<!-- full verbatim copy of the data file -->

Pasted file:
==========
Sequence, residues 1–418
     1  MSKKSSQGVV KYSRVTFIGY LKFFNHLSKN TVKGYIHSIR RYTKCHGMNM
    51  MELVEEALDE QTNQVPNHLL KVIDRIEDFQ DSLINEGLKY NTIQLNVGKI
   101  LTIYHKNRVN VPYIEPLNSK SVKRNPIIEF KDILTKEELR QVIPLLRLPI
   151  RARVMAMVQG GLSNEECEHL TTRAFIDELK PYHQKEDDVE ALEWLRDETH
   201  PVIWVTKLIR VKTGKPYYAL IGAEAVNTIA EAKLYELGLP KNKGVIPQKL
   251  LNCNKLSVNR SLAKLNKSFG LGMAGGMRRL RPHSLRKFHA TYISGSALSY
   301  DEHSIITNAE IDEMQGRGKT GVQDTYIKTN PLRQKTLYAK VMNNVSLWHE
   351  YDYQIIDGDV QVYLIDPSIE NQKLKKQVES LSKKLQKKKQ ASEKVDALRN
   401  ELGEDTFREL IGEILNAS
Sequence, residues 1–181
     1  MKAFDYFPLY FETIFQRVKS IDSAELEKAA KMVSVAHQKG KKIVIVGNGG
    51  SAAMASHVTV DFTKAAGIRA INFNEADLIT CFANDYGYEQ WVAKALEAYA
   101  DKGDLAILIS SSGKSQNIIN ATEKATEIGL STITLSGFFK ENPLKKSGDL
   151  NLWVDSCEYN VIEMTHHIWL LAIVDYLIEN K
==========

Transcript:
Sequence, residues 1–418
     1  MSKKSSQGVV KYSRVTFIGY LKFFNHLSKN TVKGYIHSIR RYTKCHGMNM
    51  MELVEEALDE QTNQVPNHLL KVIDRIEDFQ DSLINEGLKY NTIQLNVGKI
   101  LTIYHKNRVN VPYIEPLNSK SVKRNPIIEF KDILTKEELR QVIPLLRLPI
   151  RARVMAMVQG GLSNEECEHL TTRAFIDELK PYHQKEDDVE ALEWLRDETH
   201  PVIWVTKLIR VKTGKPYYAL IGAEAVNTIA EAKLYELGLP KNKGVIPQKL
   251  LNCNKLSVNR SLAKLNKSFG LGMAGGMRRL RPHSLRKFHA TYISGSALSY
   301  DEHSIITNAE IDEMQGRGKT GVQDTYIKTN PLRQKTLYAK VMNNVSLWHE
   351  YDYQIIDGDV QVYLIDPSIE NQKLKKQVES LSKKLQKKKQ ASEKVDALRN
   401  ELGEDTFREL IGEILNAS
Sequence, residues 1–181
     1  MKAFDYFPLY FETIFQRVKS IDSAELEKAA KMVSVAHQKG KKIVIVGNGG
    51  SAAMASHVTV DFTKAAGIRA INFNEADLIT CFANDYGYEQ WVAKALEAYA
   101  DKGDLAILIS SSGKSQNIIN ATEKATEIGL STITLSGFFK ENPLKKSGDL
   151  NLWVDSCEYN VIEMTHHIWL LAIVDYLIEN K